The National Portrait Gallery in London is to have a choir in residence - a first for any museum in the UK.
The Portrait Choir will perform a range of pieces in gallery spaces that relate to portrait themes and exhibitions.
Artistic director Gregory Batsleer said it was "an exciting new venture for choral music in the UK".
The three-year residency is due to begin with an inaugural performance on 28 June, part of the gallery's Late Shift programme.
"It has long been an ambition of the National Portrait Gallery to have a choir in residence," said the NPG's Pim Baxter.
The initiative, she continued, would enable the gallery to demonstrate "how portraiture and the human voice can complement each other".
Batsleer, currently chorus master with the Scottish Chamber Orchestra, said he hoped the choir would become "an integral part of the National Portrait Gallery's work".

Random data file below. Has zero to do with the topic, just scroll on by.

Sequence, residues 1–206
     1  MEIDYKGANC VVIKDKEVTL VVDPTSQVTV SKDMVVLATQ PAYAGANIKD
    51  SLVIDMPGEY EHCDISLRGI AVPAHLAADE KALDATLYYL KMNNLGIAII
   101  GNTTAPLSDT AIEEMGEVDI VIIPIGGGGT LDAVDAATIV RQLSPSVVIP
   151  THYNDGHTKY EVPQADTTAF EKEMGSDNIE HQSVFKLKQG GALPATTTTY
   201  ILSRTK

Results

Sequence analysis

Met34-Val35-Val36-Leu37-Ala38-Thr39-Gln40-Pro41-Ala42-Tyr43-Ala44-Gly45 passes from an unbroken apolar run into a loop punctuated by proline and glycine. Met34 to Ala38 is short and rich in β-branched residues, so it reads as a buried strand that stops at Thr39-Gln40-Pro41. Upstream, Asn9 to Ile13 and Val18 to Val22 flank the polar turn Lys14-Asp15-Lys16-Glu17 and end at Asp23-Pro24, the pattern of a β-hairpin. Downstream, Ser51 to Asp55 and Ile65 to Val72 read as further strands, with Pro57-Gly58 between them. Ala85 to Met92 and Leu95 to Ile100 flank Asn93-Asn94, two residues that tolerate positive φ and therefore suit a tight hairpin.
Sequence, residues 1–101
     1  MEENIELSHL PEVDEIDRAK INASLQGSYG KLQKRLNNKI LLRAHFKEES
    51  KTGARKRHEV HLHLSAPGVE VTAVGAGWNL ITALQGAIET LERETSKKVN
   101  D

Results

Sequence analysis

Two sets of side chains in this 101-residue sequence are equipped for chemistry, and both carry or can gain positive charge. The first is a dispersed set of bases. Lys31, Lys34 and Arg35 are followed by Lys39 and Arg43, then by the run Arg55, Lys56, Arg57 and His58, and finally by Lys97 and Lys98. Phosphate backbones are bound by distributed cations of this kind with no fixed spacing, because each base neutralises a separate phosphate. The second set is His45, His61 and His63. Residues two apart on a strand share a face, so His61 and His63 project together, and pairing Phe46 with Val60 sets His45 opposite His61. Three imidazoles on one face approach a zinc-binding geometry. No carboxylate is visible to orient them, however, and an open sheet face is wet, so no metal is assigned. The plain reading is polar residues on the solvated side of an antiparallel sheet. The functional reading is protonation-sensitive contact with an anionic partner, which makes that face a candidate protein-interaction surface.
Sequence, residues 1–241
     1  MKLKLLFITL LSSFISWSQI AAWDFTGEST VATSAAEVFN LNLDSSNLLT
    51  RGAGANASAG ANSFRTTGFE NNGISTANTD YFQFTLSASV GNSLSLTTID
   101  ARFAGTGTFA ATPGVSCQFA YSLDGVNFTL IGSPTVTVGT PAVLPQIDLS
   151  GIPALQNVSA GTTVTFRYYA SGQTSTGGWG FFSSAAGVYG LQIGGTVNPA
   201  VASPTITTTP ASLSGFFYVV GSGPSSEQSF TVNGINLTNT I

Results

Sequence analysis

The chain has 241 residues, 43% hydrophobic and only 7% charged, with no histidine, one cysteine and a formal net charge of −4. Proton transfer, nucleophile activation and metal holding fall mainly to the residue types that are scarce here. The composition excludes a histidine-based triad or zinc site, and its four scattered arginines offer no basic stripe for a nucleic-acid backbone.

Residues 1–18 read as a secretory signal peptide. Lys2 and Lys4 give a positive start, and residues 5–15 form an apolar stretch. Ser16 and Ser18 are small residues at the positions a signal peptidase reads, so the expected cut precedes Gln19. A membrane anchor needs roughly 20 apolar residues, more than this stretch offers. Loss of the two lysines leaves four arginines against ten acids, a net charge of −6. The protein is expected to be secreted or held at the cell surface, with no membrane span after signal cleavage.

"The Choir in Residence programme aims to provide our visitors with new ways of appreciating portraiture and music," said the Manchester-born 24-year-old.
Featuring up to 22 members from some of Britain's most prestigious music conservatoires, The Portrait Choir will commission and perform one new work each year.
Gallery staff and visitors, mentored by experienced professional singers, will have the opportunity to take part in community singing and youth singing days.
There are also plans for up to two opera productions over the next three years, as well as engagements outside the gallery.
The choir will perform two daytime concerts on 29 June that will feature a newly commissioned work by composer Ben Parry.